My freshman year of college, I took a class in non-fiction prose with Verlyn Klinkenborg. It wasn’t the class I wanted to take, but I lost the lottery for the entry-level creative writing classes and figured some type of writing was better than none. I had no idea how much the class would change the way I thought about art, and in turn, myself.
Our first assignment was to submit 1,000 words on any topic by midnight on Tuesday. I don’t remember what I wrote about, but I will never forget that, at 12:01 a.m., we all got an email that said, simply, “I have 12 essays in my inbox. 12 seems like a good number for a class.” A third of the students had been cut. At the end of class the next day, we were given the next week’s assignment: Do it again.
“The second essay is always the hardest,” he told us. “The first one, you know exactly what you want to write, you’ve just been waiting for permission, but the second one…that’s where things get interesting.”
Sometimes you hear good advice and it bounces right off you. Other times you hold onto it for years before finally putting it to use.
I’ve loved writing for as long as I can remember, and I was lucky to be encouraged at a young age. I’ve been gifted dozens of beautiful notebooks throughout my life, wrapped in the good intentions of their givers and meant to be filled with “all my brilliant ideas” or “all my special thoughts,” and I am sad to say that each one has remained untouched. Nothing ever felt good enough for those notebooks. Or, if I did have an idea I really loved, I never felt confident enough in my ability to do it justice. So even though I loved the idea of being a writer, I didn’t actually do all that much writing. I can see, now, that it felt safer to keep any ideas to myself than to see where they might actually lead.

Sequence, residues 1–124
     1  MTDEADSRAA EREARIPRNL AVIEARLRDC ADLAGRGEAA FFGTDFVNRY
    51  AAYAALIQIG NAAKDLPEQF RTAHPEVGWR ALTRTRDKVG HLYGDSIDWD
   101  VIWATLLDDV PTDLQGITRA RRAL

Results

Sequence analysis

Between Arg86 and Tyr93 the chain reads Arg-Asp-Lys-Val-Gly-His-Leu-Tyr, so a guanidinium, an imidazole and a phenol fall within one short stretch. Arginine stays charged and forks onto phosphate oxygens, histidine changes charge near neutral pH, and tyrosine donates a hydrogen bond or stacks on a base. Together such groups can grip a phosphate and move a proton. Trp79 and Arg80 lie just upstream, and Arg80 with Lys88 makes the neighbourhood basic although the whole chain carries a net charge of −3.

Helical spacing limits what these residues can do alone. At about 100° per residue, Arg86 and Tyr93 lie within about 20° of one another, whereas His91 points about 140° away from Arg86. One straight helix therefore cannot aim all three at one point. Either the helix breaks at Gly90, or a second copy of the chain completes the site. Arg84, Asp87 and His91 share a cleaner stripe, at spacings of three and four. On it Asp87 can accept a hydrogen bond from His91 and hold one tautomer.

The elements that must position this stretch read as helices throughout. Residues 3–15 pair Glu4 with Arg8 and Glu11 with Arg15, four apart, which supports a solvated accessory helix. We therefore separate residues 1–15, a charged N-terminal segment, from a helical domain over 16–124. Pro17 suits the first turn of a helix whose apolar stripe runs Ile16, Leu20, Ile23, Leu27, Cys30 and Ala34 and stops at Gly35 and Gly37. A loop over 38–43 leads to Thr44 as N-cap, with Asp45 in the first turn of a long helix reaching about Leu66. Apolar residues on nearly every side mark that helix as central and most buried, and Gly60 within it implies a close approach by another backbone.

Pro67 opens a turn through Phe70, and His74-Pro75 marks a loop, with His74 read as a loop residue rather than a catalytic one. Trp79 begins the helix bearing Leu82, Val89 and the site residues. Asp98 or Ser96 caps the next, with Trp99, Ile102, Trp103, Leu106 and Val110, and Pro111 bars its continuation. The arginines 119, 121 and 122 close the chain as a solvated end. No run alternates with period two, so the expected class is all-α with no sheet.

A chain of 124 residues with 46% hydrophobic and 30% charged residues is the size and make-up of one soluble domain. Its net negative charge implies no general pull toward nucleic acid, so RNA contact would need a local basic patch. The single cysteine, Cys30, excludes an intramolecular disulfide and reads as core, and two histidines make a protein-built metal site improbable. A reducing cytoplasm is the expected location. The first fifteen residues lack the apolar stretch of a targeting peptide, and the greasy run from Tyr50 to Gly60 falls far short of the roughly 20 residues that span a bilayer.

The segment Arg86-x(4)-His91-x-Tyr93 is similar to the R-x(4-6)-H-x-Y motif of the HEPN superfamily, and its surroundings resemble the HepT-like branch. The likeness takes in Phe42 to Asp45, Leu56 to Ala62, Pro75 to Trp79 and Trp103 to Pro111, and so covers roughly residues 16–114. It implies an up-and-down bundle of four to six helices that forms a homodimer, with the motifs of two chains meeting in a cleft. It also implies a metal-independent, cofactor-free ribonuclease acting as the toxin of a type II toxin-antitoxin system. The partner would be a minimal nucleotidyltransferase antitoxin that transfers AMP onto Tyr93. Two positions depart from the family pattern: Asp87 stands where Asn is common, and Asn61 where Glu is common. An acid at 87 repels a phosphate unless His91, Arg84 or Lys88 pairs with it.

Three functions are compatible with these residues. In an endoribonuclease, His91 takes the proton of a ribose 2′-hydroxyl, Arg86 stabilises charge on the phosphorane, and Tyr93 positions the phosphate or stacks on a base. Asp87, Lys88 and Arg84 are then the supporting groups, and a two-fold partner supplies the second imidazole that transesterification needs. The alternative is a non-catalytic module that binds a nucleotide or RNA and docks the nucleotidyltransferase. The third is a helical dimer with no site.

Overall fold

Years later, after the Klinkenborg class but before his words had really sunk in, I worked as an event host for a bookstore. The place was known for its full calendar, and I heard hundreds of authors talk about their work during my time there. Inevitably, during the Q&A of each one, someone would stand up and ask what advice the author had for aspiring writers, and nearly all replied with some variation of, “There’s no trick. You just have to do it.” This was usually met with genial laughter from the audience, as if they already knew the answer. Because of course, they did, and so do I. It just took me a long time to understand how it applied to me.
The reason “just do it” often doesn’t resonate is because it’s hard to prioritize something that doesn’t exist (yet) over the very real and present demands of our responsibilities. And once we get in the habit of making our own work the last priority, it’s easy to mistake something immediate for something important. It’s easy to let that thing we want to build or create or do slip further and further down the to-do list until it has fallen off completely. But after years of letting this happen myself, I had a thought: Do I really want to get to the end of my life and think, “Well, I never got around to writing that novel I’d nursed for years, but at least I stayed on top of the dishes!”?
Turning 30 is always good for a life re-evaluation, and when I stopped to think about what I really wanted to be doing with my time, Klinkenborg’s words were right there waiting for me. What he meant by the pursuit of the second essay being more interesting than the first was: You have to squander your good ideas. Every single one of those precious sparks of genius that you’ve been hoarding like a dragon in your mind? You have to get them out of you and into the world. And you have to trust that there will be more once you’ve let them out — or that there will be more because you have. As it turns out, the lovely thing about ideas is that if you give them the space to do so, they lead to more ideas, and they can do that whether or not they “succeed.”
I still haven’t lost my fear of the blank page, and I doubt I ever will, but I’ve now gotten in the habit of writing “Squander Your Good Ideas” on the first page of every notebook I own, and even if it’s the only thing written there, it helps to remind me that there’s no shortage of great ideas. Every bookstore is filled with them and more get printed every day. And behind each book is an author answering the same question the same way: Just start.
Fear of failure will always be there — anyone who isn’t scared of failure lacks imagination — but 10 years after Klinkenborg’s class, I’m finally starting to learn that not doing something is a kind of failure on its own, because the worst thing I’ve ever written is still better than the best thing that only ever lives in my head. As fun and addictive as it is to hold onto a great idea, the truth is that creativity is like a magician’s scarf; it can only impress you if you keep it moving.
Graphic by Madeline Montoya.